Myanmar Declines ASEAN Leadership; Bush Renews Ban on its Products

July 28, 2005

Myanmar Declines ASEAN Leadership; Bush Renews Ban on its Products

After the United States and the European Union put intense political pressure on the Association of Southeast Asian Nations, Myanmar declined its scheduled turn to assume the group's chairmanship on July 26. Myanmar, which has a poor human rights record, is an important source of rubies, sapphires, jadeite jade and other gems. The U.S. banned all products from Myanmar in 2003 to protest its government policies and on July 27, President George W. Bush renewed the law for another year. Under the legislation, the import ban must be renewed each year and expires after three years.

In a rotating chairmanship system, Myanmar was slated to assume leadership of the ASEAN economic block in 2006. The announcement came in the form of a joint statement by the foreign ministers of the nations that make up the ASEAN membership, which includes Brunei, Cambodia, Indonesia, Laos, Malaysia, Myanmar, Philippines, Singapore, Thailand and Vietnam. They were in the midst of a six-day meeting in Laos. Myanmar Foreign Minister U. Nyan Win noted his country preferred to focus attention on its internal problems and rededicate itself to a national reconciliation and democratization process.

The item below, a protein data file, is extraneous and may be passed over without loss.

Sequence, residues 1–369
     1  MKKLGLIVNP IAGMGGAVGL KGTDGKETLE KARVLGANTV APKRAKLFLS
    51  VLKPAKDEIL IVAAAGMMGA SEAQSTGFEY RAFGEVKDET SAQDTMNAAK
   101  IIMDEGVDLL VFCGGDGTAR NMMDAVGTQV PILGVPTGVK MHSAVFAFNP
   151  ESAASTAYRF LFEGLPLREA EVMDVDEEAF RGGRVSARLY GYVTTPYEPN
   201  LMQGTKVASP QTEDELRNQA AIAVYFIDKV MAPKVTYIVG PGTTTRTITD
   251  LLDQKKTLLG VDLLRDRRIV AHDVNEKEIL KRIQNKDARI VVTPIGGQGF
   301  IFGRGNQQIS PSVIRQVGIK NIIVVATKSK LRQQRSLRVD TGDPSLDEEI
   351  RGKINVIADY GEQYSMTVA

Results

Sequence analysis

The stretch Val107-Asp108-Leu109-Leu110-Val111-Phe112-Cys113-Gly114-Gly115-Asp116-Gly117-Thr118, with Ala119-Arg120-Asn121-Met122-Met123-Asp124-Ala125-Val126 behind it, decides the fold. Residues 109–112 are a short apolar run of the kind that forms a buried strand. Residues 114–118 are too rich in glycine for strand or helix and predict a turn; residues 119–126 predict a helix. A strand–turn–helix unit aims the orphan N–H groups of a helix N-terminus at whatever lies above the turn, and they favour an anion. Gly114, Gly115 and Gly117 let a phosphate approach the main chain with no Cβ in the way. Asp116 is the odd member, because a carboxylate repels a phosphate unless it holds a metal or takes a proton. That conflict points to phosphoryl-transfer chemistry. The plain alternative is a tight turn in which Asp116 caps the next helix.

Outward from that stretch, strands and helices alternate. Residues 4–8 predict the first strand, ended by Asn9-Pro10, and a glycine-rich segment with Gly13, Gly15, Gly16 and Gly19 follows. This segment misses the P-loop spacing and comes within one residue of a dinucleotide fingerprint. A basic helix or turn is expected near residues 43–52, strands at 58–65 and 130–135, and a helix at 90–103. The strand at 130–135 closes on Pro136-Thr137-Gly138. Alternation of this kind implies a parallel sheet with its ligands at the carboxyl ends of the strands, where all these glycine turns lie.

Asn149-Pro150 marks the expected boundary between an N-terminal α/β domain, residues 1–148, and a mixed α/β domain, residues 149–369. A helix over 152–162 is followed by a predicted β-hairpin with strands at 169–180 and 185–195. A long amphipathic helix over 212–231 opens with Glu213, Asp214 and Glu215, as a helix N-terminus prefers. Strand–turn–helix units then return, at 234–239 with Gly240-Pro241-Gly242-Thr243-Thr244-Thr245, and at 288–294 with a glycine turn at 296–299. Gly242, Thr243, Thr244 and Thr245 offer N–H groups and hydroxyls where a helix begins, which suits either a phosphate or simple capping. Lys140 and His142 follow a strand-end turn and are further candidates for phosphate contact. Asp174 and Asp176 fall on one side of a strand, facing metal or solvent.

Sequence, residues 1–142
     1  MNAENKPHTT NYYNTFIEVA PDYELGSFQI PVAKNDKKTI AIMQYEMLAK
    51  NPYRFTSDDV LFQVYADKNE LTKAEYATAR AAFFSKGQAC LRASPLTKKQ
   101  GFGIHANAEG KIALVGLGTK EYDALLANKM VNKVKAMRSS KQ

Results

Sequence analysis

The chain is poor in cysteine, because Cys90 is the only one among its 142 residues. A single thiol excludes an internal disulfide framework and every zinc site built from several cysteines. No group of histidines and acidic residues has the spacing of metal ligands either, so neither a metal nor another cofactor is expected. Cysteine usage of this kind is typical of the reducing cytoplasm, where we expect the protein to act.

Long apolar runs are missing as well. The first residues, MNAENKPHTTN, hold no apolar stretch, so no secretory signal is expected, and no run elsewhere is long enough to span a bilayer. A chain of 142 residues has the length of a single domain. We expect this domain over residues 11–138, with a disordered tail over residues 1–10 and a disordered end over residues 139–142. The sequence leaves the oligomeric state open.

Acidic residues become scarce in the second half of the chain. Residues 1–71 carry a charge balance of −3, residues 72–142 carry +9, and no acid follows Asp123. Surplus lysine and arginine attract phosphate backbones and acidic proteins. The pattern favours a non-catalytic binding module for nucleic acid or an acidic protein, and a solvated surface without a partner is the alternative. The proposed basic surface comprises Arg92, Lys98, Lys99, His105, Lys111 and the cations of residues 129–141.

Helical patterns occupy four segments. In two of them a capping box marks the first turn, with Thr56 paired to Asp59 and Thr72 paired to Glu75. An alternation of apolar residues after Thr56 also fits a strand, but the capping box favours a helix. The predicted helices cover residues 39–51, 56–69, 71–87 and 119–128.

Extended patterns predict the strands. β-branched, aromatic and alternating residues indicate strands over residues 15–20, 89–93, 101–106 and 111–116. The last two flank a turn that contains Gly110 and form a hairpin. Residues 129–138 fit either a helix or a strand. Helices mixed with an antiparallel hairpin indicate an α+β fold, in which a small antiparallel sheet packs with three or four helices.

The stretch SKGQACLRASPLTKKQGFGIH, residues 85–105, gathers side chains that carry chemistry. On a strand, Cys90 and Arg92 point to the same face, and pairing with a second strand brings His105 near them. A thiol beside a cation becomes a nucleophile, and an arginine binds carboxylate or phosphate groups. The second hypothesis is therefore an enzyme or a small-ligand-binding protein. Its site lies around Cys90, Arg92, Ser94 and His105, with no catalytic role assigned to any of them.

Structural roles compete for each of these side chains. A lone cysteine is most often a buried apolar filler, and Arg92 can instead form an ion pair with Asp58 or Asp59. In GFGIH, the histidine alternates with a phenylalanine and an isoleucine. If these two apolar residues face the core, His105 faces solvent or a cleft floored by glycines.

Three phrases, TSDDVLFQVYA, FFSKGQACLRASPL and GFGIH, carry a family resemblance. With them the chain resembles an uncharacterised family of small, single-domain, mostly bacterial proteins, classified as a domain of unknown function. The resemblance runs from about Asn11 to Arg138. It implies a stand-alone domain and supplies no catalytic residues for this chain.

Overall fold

The U.S. and EU support Myanmar's democracy movement, led by Aung San Suu Kyi, leader of the National League for Democracy in Myanmar. The Myanmar government has kept Suu Kyi under house arrest and in prison for most of the past two decades, despite her election to lead the country in 1990.

The Burmese Freedom & Democracy Act, originally passed by the U.S. Congress in 2003, bans imports of any product of Myanmar. But a December 2004 ruling from U.S. Customs & Border Protection created a loophole in BFDA when it stated rubies mined in Myanmar undergo "substantial transformation" when they are cut and polished in other countries and are, therefore, considered products of the country in which the cutting took place. Since most Myanmar gems are cut elsewhere, this makes many gems exempt from the ban on products from Myanmar.

Some American jewelers, such as Tiffany & Co., have expressed continued support for the U.S. sanctions despite the loophole, and have publicly stated they will not sell gemstones with known Myanmar origins regardless of where they're cut. "We believe the right thing to do is continue our moratorium," says Michael J. Kowalski, Tiffany chairman and CEO. "Despite the Customs ruling, mining of these gems supports the existing Burmese regime. We support democratic reforms and an end to human rights abuses in that country. We believe our customers would agree with that position."

by Peggy Jo Donahue

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